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UFC 208: Derek Brunson faces tough task in beating Anderson Silva

Anderson Silva, left, and Derek Brunson pose at

Anderson Silva, left, and Derek Brunson pose at their staredown during UFC 208 media day at the Barclays Center in Brooklyn on Feb. 8, 2017, ahead of their fight on Saturday. Credit: Newsday / Mark La Monica

When Derek Brunson enters the octagon in Brooklyn, his mind will go blank.

“I really don’t have any emotions,” Brunson said Wednesday about his upcoming fight. “I’m in the moment, now it’s time to get the job done.”

That moment will be at the Barclays Center in the UFC 208. His time will come Saturday night in the co-main event. His job will be to beat Anderson Silva, considered by many to be the greatest mixed martial arts fighter in the sport’s history.

No easy task, even if Silva is 41 years old and officially hasn’t won a fight since 2012. He’s 0-4 with one no contest — a win over Nick Diaz in January 2015 overturned after Silva failed a post-fight test for banned substances.

“I don’t think Anderson Silva is less of a fighter,” said Brunson, 33. “I got a lot of things to point to why he’s not less of a fighter. He might have slowed down a little bit, he’s still technical, he still has all the tricks, he’s still that same guy.

“I think he’ still faster than 90 percent of the guys in the UFC at middleweight.”

Silva indeed still possesses all the tricks that made him a UFC middleweight champion, guided him to 17 straight wins and a UFC-record 10 straight title defenses. He’s elusive. He’s an accurate counter striker with power moving both backward and forward. And he’s creative with his strikes, often showing off moves reminiscent more of a martial arts movie than a real-life martial arts fight.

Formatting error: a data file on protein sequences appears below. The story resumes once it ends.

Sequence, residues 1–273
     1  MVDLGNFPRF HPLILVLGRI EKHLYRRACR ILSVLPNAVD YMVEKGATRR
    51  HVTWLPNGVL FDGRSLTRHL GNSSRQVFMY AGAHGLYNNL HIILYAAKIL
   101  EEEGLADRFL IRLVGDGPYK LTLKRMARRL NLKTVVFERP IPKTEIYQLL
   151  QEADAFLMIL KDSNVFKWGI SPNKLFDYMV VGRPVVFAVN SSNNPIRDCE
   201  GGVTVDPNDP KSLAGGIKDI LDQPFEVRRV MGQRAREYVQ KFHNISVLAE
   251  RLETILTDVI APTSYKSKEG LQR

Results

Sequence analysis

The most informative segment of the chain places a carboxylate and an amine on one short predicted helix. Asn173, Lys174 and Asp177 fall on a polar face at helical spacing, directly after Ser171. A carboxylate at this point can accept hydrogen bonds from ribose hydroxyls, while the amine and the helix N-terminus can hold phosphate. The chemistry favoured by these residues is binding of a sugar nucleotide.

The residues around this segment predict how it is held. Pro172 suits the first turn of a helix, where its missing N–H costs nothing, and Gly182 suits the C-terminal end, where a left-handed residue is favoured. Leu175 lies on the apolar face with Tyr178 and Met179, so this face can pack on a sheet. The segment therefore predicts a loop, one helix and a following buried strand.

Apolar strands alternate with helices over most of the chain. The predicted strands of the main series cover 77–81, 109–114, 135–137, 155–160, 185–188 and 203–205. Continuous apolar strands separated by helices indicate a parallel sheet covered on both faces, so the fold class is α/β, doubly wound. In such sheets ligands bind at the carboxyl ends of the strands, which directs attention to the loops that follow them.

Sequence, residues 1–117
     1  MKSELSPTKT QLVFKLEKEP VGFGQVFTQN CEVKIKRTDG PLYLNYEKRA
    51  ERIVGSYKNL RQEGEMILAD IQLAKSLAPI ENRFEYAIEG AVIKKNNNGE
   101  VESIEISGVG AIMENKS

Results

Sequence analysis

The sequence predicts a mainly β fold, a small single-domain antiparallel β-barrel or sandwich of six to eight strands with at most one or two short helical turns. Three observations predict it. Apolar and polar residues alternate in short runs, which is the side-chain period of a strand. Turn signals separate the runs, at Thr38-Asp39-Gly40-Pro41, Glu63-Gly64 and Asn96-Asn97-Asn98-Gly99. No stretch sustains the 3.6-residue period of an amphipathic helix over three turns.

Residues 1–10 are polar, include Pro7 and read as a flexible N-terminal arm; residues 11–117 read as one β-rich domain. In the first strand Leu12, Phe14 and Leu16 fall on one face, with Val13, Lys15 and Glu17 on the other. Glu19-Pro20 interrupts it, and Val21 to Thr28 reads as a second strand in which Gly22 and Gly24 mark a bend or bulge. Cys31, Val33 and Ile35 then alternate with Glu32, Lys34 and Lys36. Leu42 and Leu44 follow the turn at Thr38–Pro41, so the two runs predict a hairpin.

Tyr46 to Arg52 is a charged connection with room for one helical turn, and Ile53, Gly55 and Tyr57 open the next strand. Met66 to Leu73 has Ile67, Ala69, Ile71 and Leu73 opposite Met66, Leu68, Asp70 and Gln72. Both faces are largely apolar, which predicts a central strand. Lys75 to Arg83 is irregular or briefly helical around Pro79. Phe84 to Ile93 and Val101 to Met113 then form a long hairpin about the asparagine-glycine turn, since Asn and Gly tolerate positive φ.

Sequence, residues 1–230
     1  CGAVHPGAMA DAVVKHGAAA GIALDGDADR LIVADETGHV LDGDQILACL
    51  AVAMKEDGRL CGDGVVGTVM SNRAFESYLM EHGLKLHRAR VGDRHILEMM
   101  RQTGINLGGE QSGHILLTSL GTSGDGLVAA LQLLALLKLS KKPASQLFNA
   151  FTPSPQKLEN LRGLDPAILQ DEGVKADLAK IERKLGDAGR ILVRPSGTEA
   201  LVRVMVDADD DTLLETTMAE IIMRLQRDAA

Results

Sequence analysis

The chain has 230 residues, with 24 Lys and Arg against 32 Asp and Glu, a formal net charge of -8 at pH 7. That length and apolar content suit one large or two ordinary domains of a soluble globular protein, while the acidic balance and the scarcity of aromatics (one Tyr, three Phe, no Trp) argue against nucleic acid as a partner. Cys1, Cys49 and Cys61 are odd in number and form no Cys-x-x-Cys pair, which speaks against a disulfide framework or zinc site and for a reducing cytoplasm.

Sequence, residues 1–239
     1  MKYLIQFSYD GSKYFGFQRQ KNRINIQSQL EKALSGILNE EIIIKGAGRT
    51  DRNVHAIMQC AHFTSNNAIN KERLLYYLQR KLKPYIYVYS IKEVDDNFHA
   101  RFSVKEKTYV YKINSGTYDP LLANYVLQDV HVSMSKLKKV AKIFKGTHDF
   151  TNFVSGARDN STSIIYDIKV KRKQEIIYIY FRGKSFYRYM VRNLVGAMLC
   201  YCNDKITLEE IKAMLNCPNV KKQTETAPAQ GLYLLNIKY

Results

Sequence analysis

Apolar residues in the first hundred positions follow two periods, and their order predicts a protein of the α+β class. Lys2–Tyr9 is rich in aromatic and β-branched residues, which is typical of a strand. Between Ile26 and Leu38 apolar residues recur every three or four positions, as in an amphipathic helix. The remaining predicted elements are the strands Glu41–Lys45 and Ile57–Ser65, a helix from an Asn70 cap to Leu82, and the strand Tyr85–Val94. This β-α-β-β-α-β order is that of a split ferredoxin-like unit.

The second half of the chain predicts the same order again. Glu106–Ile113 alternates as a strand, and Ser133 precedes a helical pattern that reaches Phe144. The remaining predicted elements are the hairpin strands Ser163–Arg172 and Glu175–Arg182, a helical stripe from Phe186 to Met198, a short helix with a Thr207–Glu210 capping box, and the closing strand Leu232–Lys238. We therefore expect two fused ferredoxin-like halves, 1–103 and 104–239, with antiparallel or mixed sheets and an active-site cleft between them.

“When I go inside , I don’t go in as I need to prove to the people I’m the best,” Silva said. “No, I’m just happy. I just stay happy.”

Brunson (16-4, 7-2 UFC) is coming off a first-round knockout loss to Robert Whittaker, ending his run of four straight wins by first-round knockout. He was quite happy when he got the call last month about the fight.

Once Brunson heard the name on the other end of the phone, he said to himself “He’s really good at this. I’ve got to go to the gym instantly and start preparing.”

He’s had less than a month to prepare for Silva. Even with such a short camp to train for a legend, Brunson understands how big a win will be for him.

“It does a lot for me, it does a lot for my brand,” Brunson said. “When you’re talking mixed martial arts, to have a win over a guy who is by many considered the greatest of all time, is definitely going to take your career to the next level. Definitely a good fight to capitalize on.”

Silva last fought at UFC 200 in July. He lost that night by unanimous decision in a non-title fight to light heavyweight champion Daniel Cormier. Of course, he took that fight on three days’ notice after Jon Jones was removed from the card for testing positive for a banned substance.

Silva (33-8, 16-4, 1 no contest) was heralded for agreeing to step in on such short notice against one of the toughest fighters in the sport.

“My motivation is my heart,” Silva said. “And I love my job. I love fighting. Fighting is my life. This is my great motivation.”

New York Sports